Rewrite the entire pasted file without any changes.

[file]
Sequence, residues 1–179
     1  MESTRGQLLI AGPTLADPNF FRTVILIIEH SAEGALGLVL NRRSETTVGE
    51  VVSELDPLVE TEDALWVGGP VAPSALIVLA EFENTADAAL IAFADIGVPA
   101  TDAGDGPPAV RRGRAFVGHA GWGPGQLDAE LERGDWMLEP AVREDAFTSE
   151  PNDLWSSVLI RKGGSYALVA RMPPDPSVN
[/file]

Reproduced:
Sequence, residues 1–179
     1  MESTRGQLLI AGPTLADPNF FRTVILIIEH SAEGALGLVL NRRSETTVGE
    51  VVSELDPLVE TEDALWVGGP VAPSALIVLA EFENTADAAL IAFADIGVPA
   101  TDAGDGPPAV RRGRAFVGHA GWGPGQLDAE LERGDWMLEP AVREDAFTSE
   151  PNDLWSSVLI RKGGSYALVA RMPPDPSVN